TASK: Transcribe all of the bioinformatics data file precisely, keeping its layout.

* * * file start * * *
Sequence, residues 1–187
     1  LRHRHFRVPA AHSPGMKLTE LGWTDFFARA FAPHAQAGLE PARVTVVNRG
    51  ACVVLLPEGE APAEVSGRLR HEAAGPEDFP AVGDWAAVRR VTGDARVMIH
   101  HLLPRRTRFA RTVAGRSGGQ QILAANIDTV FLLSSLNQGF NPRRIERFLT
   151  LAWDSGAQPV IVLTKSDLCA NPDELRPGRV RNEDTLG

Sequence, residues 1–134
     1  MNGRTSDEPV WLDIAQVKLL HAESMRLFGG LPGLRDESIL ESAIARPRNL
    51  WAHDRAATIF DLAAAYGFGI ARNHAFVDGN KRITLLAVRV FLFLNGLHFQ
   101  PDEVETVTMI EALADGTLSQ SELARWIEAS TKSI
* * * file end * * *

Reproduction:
Sequence, residues 1–187
     1  LRHRHFRVPA AHSPGMKLTE LGWTDFFARA FAPHAQAGLE PARVTVVNRG
    51  ACVVLLPEGE APAEVSGRLR HEAAGPEDFP AVGDWAAVRR VTGDARVMIH
   101  HLLPRRTRFA RTVAGRSGGQ QILAANIDTV FLLSSLNQGF NPRRIERFLT
   151  LAWDSGAQPV IVLTKSDLCA NPDELRPGRV RNEDTLG

Sequence, residues 1–134
     1  MNGRTSDEPV WLDIAQVKLL HAESMRLFGG LPGLRDESIL ESAIARPRNL
    51  WAHDRAATIF DLAAAYGFGI ARNHAFVDGN KRITLLAVRV FLFLNGLHFQ
   101  PDEVETVTMI EALADGTLSQ SELARWIEAS TKSI